Acana Singles Dog Food receives the Advisor’s top rating of 5 stars.
The Acana Singles product line includes the 7 dry dog foods listed below.
Each recipe includes its related AAFCO nutrient profile when available on the product’s official webpage: Growth, Maintenance, All Life Stages, Supplemental or Unspecified.
- Acana Singles Duck and Pear [A]
- Acana Singles Pork and Squash [A]
- Acana Singles Lamb and Apple [A]
- Acana Singles Beef and Pumpkin [A]
- Acana Singles Turkey and Pumpkin [A]
- Acana Singles Duck and Pumpkin + Wholesome Grains [A]
- Acana Singles Lamb and Pumpkin + Wholesome Grains [A]
Acana Singles Duck and Pear was selected to represent the other products in the line for this review.
Acana Singles Duck and Pear
Dry Dog Food
Estimated Dry Matter Nutrient Content
Ingredients: Deboned duck, duck meal, duck liver, sweet potato, whole chickpeas, duck fat, whole lentils, lentil fiber, pollock oil, whole pears, natural duck flavor, duck cartilage, whole pumpkin, whole cranberries, salt, choline chloride, taurine, vitamin E supplement, dried kelp, zinc proteinate, mixed tocopherols (preservative), freeze-dried duck liver, niacin, thiamine mononitrate, riboflavin, calcium pantothenate, pyridoxine hydrochloride, folic acid, vitamin B12 supplement, copper proteinate, vitamin A acetate, vitamin D3 supplement, turmeric, citric acid (preservative), rosemary extract, dried Lactobacillus acidophilus fermentation product, dried Bifidobacterium animalis fermentation product, dried Lactobacillus casei fermentation product
Fiber (estimated dry matter content) = 5.7%
Red denotes controversial item
|Estimated Nutrient Content|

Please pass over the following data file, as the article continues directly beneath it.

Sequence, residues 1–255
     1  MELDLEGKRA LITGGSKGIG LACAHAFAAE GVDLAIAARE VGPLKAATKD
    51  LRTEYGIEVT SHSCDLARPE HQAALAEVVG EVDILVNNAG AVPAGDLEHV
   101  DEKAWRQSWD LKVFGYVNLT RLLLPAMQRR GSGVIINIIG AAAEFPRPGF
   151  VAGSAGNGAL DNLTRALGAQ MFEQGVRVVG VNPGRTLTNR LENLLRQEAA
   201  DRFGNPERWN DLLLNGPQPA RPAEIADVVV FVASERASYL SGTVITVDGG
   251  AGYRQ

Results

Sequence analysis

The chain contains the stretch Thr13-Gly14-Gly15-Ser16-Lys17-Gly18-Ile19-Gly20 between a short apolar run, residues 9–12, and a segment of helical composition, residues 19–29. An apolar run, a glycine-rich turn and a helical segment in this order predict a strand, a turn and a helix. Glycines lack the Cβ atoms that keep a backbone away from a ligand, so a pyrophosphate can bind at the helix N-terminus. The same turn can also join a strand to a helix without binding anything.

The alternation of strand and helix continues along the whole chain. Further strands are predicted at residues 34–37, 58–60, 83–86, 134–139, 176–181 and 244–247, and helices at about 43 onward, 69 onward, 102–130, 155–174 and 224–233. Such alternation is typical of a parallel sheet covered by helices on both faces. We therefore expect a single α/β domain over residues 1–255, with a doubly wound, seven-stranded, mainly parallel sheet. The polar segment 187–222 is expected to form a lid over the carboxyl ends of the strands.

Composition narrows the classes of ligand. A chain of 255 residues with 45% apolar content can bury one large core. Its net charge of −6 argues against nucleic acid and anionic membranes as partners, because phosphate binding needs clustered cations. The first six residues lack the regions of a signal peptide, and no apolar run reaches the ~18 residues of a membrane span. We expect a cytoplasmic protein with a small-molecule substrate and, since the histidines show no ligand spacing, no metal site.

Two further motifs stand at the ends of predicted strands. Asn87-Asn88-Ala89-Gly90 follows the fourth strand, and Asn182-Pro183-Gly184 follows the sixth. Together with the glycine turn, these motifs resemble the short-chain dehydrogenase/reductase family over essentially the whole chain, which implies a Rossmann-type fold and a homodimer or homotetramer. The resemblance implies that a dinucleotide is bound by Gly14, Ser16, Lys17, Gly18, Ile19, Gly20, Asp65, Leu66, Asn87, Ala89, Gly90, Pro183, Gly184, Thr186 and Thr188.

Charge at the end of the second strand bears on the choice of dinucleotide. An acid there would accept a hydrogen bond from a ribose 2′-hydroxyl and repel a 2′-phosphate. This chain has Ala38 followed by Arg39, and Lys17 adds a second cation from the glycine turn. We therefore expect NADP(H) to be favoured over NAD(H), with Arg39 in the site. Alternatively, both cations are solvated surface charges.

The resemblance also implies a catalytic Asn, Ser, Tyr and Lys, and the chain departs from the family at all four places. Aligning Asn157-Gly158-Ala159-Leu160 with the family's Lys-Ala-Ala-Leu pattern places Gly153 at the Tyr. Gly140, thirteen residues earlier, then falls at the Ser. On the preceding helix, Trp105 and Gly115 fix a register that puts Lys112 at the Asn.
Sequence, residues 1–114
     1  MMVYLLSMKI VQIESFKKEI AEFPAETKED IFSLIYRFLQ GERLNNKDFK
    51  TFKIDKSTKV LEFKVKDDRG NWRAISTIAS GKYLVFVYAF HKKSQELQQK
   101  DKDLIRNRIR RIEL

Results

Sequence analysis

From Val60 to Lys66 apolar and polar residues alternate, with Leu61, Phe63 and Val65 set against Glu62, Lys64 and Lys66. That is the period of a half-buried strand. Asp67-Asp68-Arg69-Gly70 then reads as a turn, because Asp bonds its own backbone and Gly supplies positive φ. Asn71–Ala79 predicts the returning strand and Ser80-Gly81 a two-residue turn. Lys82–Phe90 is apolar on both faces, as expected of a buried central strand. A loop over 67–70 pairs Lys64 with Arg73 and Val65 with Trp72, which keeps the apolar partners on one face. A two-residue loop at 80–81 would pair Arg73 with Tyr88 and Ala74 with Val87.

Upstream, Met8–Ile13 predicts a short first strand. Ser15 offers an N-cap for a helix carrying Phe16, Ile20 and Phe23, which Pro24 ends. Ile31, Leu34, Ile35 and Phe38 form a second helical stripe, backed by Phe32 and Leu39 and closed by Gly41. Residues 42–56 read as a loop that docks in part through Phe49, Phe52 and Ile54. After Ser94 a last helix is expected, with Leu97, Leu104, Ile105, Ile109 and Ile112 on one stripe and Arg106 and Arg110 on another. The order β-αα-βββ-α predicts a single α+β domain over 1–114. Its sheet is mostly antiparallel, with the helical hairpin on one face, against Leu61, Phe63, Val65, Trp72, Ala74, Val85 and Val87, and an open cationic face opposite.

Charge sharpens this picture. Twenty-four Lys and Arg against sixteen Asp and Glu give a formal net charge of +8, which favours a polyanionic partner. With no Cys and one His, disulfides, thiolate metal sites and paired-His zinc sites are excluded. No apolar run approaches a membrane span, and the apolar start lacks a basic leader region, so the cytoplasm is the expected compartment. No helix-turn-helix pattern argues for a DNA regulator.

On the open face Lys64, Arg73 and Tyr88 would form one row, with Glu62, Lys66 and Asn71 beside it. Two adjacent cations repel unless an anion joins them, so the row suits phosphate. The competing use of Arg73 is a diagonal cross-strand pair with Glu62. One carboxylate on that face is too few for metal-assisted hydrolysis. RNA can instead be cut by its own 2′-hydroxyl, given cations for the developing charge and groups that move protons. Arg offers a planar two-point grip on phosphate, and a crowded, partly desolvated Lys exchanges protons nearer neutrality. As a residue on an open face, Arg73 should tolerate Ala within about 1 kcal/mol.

|Dry Matter Basis||35%||19%||38%|
|Calorie Weighted Basis||29%||39%||31%|
The first ingredient in this dog food is duck. Although it is a quality item, raw duck contains up to 73% water. After cooking, most of that moisture is lost, reducing the meat content to just a fraction of its original weight.
After processing, this item would probably account for a smaller part of the total content of the finished product.
The second ingredient is duck meal. Duck meal is considered a meat concentrate and contains nearly 300% more protein than fresh duck.
The third ingredient is duck liver. This is an organ meat sourced from a named animal and thus considered a beneficial component.
The fourth ingredient is sweet potato. Sweet potatoes are a gluten-free source of complex carbohydrates in a dog food. They are naturally rich in dietary fiber and beta carotene.
The fifth item lists chickpeas, also known as garbanzo beans. Like peas, bean and lentils, the chickpea is a nutritious member of the fiber-rich legume (or pulse) family of vegetables.
However, chickpeas contain about 22% protein, a factor that must be considered when judging the actual meat content of this dog food.
The next ingredient is duck fat. This item is obtained from rendering duck, a process similar to making soup in which the fat itself is skimmed from the surface of the liquid.
Duck fat is high in linoleic acid, an omega-6 fatty acid essential for life. Although it doesn’t sound very appetizing, duck fat is actually a quality ingredient.